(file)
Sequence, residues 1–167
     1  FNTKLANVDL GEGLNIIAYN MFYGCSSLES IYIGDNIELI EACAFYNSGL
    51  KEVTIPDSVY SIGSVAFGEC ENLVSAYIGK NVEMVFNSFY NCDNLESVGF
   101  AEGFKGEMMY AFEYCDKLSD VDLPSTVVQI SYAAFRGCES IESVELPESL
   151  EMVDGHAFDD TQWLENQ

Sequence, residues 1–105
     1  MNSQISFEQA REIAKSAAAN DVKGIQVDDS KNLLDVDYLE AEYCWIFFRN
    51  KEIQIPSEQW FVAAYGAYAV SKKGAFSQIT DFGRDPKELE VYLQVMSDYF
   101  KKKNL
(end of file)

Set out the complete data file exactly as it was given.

Sequence, residues 1–167
     1  FNTKLANVDL GEGLNIIAYN MFYGCSSLES IYIGDNIELI EACAFYNSGL
    51  KEVTIPDSVY SIGSVAFGEC ENLVSAYIGK NVEMVFNSFY NCDNLESVGF
   101  AEGFKGEMMY AFEYCDKLSD VDLPSTVVQI SYAAFRGCES IESVELPESL
   151  EMVDGHAFDD TQWLENQ

Sequence, residues 1–105
     1  MNSQISFEQA REIAKSAAAN DVKGIQVDDS KNLLDVDYLE AEYCWIFFRN
    51  KEIQIPSEQW FVAAYGAYAV SKKGAFSQIT DFGRDPKELE VYLQVMSDYF
   101  KKKNL